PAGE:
Winnipeg, MB – August 29 – The Memory Project: Stories of the Korean War joined Korean War veterans from across Canada today in downtown Winnipeg for the final national reunion of the Korea Veterans Association of Canada, The Last Hurrah. To mark this milestone, The Memory Project honoured veterans and conducted its first Korean War research event to capture their stories for posterity. Interviews will continue Tuesday, August 30.
With hundreds of veterans in attendance, among them John Bishop, national president of the Korea Veterans Association of Canada, and Lt-Gen. (ret’d) Charles Belzile of the Queen’s Own Rifles of Canada and the Royal 22e Régiment, The Memory Project conducted more than 30 interviews at the reunion, and digitized many unique artefacts which will be shared with Canadians through a new website in November.
“We are proud to bring the sacrifices of the soldiers, sailors, and airmen of the long-deemed “Forgotten War” out of the shadows, and into Canadian consciousness,” said Jill Paterson, Project Manager. “We thank the Korea Veterans Association for having us here to preserve this essential chapter in Canadian history for future generations.”
“I am sure that I speak for all Korean War veterans when I say that we are pleased that The Memory Project is taking place,” said Michael Czuboka, 2nd Battalion, Princess Patricia’s Canadian Light Infantry, and chief organizer of The Last Hurrah. “For many years the Korean War was forgotten by many Canadians, but not by the people of South Korea who have always expressed gratitude for Canada’s contribution in helping them to achieve democracy and economic prosperity. The people of South Korea feel the same way about Canada as the people of the Holland feel about Canada. Canadian soldiers, airmen and sailors liberated Holland during the Second World War and helped to liberate Korea during the Korean War. The Memory Project, I am sure, will help to restore and preserve this important part of Canada’s history.”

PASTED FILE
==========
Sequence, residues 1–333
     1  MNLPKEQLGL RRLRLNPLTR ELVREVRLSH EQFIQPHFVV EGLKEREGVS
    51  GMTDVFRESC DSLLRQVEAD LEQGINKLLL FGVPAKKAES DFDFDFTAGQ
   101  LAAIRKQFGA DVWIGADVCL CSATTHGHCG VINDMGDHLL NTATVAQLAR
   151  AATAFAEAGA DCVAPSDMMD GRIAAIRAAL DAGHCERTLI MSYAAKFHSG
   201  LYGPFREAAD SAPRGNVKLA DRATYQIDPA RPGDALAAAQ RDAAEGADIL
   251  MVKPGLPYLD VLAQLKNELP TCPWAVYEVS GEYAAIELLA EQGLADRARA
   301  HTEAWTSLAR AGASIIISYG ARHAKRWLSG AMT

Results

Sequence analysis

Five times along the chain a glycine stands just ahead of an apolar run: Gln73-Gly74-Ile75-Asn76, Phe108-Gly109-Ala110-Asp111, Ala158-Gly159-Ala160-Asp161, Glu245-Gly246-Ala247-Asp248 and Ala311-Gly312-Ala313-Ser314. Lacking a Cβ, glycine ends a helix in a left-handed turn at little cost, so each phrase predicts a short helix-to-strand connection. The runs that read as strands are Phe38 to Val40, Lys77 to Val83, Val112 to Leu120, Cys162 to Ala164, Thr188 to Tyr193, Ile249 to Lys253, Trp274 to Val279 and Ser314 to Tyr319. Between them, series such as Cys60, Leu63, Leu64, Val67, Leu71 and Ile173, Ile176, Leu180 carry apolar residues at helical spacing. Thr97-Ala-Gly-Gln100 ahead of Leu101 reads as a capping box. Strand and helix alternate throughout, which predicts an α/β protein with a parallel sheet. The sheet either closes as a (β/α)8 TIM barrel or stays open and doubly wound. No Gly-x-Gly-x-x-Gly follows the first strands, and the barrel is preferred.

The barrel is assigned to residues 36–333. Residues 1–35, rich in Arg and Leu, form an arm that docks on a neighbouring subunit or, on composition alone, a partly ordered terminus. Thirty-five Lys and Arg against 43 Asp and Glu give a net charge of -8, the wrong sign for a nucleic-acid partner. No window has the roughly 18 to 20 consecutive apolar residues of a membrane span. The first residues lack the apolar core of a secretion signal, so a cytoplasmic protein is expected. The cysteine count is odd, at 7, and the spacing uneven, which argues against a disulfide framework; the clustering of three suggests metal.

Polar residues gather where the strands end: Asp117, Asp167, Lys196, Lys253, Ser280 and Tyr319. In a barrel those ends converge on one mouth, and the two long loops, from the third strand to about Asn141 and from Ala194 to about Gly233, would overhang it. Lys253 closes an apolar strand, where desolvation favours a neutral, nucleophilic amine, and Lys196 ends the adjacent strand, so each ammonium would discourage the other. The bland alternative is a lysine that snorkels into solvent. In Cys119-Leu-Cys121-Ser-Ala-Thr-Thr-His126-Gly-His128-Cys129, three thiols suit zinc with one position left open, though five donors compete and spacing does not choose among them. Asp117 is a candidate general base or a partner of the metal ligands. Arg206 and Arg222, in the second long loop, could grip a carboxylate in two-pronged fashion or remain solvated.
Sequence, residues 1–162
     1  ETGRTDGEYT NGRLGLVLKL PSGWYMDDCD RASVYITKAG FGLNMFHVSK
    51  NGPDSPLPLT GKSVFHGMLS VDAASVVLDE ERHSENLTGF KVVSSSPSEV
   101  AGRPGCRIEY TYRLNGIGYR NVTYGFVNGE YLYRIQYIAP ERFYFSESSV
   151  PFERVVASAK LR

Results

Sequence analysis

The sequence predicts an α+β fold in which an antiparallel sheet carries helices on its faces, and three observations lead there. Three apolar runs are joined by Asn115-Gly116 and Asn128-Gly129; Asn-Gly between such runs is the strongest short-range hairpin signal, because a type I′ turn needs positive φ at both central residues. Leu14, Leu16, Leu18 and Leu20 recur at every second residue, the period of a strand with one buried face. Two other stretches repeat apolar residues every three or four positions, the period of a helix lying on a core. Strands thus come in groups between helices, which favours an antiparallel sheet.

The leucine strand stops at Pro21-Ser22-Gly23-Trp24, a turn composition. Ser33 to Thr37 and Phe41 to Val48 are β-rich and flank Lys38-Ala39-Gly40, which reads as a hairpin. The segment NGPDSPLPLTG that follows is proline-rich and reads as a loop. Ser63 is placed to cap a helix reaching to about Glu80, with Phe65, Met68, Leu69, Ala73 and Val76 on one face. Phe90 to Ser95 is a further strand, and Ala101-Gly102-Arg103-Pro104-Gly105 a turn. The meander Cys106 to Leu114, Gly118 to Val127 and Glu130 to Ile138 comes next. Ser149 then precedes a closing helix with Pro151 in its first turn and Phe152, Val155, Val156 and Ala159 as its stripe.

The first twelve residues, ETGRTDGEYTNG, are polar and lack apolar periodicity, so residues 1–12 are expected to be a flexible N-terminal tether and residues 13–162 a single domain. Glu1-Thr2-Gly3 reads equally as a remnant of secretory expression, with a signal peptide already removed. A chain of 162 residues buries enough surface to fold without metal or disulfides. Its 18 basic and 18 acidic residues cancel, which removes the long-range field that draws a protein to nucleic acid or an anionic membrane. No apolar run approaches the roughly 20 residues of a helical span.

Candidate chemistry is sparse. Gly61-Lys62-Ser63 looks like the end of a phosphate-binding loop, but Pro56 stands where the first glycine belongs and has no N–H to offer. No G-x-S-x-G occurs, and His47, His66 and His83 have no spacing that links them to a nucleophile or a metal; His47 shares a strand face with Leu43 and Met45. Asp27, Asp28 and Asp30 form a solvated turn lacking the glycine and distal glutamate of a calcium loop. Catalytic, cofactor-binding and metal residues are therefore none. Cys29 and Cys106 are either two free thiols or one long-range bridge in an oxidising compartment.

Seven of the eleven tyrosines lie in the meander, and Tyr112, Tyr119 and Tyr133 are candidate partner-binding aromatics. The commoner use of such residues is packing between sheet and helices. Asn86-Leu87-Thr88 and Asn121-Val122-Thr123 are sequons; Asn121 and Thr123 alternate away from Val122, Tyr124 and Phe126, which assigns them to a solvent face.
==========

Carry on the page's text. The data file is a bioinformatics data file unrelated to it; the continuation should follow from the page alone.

With more than 2,500 Second World War veteran testimonials recorded to date, The Memory Project Archive recently received funding to collect and preserve the experiences of Canada’s Korean War veterans.
An initiative of The Historica-Dominion Institute, The Memory Project Archive is creating an unprecedented record of Canada’s participation in the Second World War and Korean War seen through the eyes of the thousands of men and women who were there. The Memory Project affords every veteran with the opportunity to preserve their memories through recorded interviews and digitized memorabilia. Their stories are available, in both official languages, at www.thememoryproject.com.
The Memory Project Archive is made possible by a contribution from the Government of Canada through the Celebrations and Commemorations Program of the Department of Canadian Heritage.
The Historica-Dominion Institute is the largest independent organization dedicated to history and citizenship in Canada. Its mandate is to build active and informed citizens through a greater knowledge and appreciation of the history, heritage and stories of Canada.
For more information:
Jill Paterson, Project Manager